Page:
Nelson’s Proposed NASA Continuity is Good for Space Exploration

It’s worth saying that as a space exploration enthusiast and advocate, it’s encouraging that the senate committee hearing for Biden’s choice for NASA administrator earlier today focused so much on continuity with the actions and decisions initiated by Jim Bridenstine, and more indirectly Mike Pence, particularly on the moonshot Artemis program.

As a loyal Seattleite, I’m supposed to side with Senator Cantwell’s objection on the exclusion of Blue Origin in NASA’s recent controversial and frankly unusually aggressive decision to pick SpaceX for the first round of funding for a new moon lander at the exclusion of any backup redundancy option.

There is a strong argument though that administrator nominee Bill Nelson (formally both a Floridia senator (D) and a payload specialist for NASA aboard Space Shuttle Columbia in 1986) rightly sided with Kathryn Lueders, the Source Selection Authority for the Human Landing System (HLS), who decided the matter. SpaceX provides equal or greater than technological capacity to Blue Origin, and significant administrative and management capability in comparison. (The third competitor, Rocketdyne, well…NASA wasn’t sparing. The analysis was harsh and a bit brutal.) Their foremost choice was well motivated.

However, it’s not that it’s the foremost choice but the only choice that’s the concern, you as well as Cantwell might protest. The response to that is grounded in the very continuity that Nelson proposes. NASA recently received a quarter of the money they asked for for developing the lander of the new moon program — What is it with Congress being cheap-asses with space? Most headline government programs easily eclipse all of the NASA annual budget — which would normally lead to a limping-along, postponed-deadline, limited-scope correction which is both typical for the agency and by those shifting political circumstances would condemn long-term, intensive space projects to a useless development treadmill.

But NASA surprisingly didn’t do that this time. Instead of spreading its money over multiple contractors, it picked one it had confidence in and doubled down on it specifically with the goal of actually accomplishing Mike Pence’s ambitious goal of returning people to the moon in just three or so years. By going with Starship, they chose 1) a system which has already seen tangible progress unlike its two competitors, and 2) a company which has shown it has already invested heavily in that system, and isn’t just leeching off of taxpayer dollars. (The SpaceX bid was both lowest in dollar amount and most reasonable in payment schedule, as well as with by far the most company money spent already.) By doing so, NASA chose a reasonable and efficient path that may actually lead to that ambitious 2024 target being realized.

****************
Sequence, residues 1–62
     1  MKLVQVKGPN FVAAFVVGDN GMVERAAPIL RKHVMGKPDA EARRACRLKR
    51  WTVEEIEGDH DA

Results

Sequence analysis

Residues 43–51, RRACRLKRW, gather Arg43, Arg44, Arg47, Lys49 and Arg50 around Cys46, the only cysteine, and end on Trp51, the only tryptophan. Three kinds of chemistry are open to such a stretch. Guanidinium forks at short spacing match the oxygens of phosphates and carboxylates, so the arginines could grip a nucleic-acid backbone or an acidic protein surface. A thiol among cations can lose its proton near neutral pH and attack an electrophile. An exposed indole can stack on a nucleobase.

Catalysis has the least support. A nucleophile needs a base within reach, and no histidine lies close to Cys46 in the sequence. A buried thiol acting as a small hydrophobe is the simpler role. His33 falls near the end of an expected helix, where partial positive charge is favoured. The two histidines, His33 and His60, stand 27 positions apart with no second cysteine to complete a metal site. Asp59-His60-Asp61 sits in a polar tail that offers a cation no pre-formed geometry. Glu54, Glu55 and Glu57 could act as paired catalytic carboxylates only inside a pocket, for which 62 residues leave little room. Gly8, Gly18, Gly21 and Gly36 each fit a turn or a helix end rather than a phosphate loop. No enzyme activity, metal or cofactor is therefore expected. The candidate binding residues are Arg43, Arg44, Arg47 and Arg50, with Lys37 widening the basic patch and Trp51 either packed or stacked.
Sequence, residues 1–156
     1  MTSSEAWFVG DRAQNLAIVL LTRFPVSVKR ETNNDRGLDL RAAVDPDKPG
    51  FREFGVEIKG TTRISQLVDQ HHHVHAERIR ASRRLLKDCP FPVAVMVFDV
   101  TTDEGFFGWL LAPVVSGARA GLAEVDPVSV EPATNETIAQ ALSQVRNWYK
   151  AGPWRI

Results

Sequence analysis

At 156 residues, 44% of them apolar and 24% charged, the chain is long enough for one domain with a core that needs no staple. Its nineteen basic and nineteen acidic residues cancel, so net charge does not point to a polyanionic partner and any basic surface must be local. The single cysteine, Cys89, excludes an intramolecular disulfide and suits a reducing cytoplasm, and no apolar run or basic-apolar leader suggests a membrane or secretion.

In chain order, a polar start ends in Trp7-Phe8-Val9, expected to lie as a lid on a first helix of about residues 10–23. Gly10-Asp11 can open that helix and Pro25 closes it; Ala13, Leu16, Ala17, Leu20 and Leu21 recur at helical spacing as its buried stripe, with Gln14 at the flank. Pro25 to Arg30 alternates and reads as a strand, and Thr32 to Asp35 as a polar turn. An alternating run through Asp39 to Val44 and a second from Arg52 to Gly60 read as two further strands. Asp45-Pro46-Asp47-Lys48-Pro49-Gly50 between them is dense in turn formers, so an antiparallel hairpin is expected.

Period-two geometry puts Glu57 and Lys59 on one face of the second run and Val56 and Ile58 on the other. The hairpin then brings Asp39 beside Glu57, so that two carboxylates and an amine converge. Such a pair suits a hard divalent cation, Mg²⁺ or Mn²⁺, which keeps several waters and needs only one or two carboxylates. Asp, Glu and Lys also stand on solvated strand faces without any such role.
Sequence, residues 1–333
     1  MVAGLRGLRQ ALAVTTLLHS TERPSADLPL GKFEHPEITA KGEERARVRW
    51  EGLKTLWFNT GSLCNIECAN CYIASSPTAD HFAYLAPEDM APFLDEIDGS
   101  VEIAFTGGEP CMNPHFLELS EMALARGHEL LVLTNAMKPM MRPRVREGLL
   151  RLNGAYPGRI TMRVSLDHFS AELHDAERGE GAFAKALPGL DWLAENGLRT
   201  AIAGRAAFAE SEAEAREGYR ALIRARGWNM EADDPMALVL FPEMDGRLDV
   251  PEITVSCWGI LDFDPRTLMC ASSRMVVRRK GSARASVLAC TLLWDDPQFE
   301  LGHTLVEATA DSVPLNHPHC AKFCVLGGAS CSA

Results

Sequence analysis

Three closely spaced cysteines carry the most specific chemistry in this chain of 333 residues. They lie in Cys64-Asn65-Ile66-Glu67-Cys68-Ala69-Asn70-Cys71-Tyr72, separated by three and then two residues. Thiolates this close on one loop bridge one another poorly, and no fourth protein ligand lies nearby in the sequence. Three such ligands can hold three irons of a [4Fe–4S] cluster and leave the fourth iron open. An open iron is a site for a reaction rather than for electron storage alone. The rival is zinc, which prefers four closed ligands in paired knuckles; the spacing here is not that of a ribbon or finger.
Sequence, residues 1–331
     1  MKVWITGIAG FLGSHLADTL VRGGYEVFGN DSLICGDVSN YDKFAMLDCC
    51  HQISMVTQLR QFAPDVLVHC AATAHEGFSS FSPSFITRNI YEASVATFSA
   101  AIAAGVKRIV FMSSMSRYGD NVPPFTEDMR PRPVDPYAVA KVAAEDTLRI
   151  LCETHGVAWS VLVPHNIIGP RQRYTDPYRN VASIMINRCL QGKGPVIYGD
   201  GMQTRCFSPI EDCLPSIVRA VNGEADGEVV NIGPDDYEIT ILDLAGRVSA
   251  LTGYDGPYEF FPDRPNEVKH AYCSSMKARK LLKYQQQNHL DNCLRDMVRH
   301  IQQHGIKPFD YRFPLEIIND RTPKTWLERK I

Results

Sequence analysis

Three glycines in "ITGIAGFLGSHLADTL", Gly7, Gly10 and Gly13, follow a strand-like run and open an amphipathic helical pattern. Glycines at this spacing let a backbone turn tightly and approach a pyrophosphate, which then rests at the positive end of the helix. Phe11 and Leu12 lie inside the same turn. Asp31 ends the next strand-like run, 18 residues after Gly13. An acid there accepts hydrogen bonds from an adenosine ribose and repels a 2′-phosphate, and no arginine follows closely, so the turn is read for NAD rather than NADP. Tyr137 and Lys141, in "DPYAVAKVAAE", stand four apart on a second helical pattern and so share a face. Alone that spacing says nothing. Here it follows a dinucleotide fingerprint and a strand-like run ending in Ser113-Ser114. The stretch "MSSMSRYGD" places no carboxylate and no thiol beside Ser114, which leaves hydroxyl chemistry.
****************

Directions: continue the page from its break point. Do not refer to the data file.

This is a big deal. For once in the agency’s modern history, politics have been sidestepped in favor of seeing the stars and reaching the heavens. No more back and forth with each congress and with each presidential administration. Just a single-minded, clear-sighted focus on what we need to do.

I’m glad the new administrator Biden picked is on board with that. There are many good reasons left-leaning partisans may dislike or hate Mike Pence, but quickly and ambitiously returning to the moon shouldn’t be one of them. NASA’s unconventional decision to facilitate that outcome should be encouraged and supported.

References

Mostly riffing off of this: “Main Engine Cut Off” (MECO) by Anthony Colangelo. I highly recommend his podcast available in the usual places.

The FY2021 budget summary for NASA provided by Space Policy Online.

NASA’s Source Selection Statement for the Human Landing System.

This effort has evolved to primarily be for clearly communicating technical subject matter to the public: largely my two passions astrophysics and space travel.

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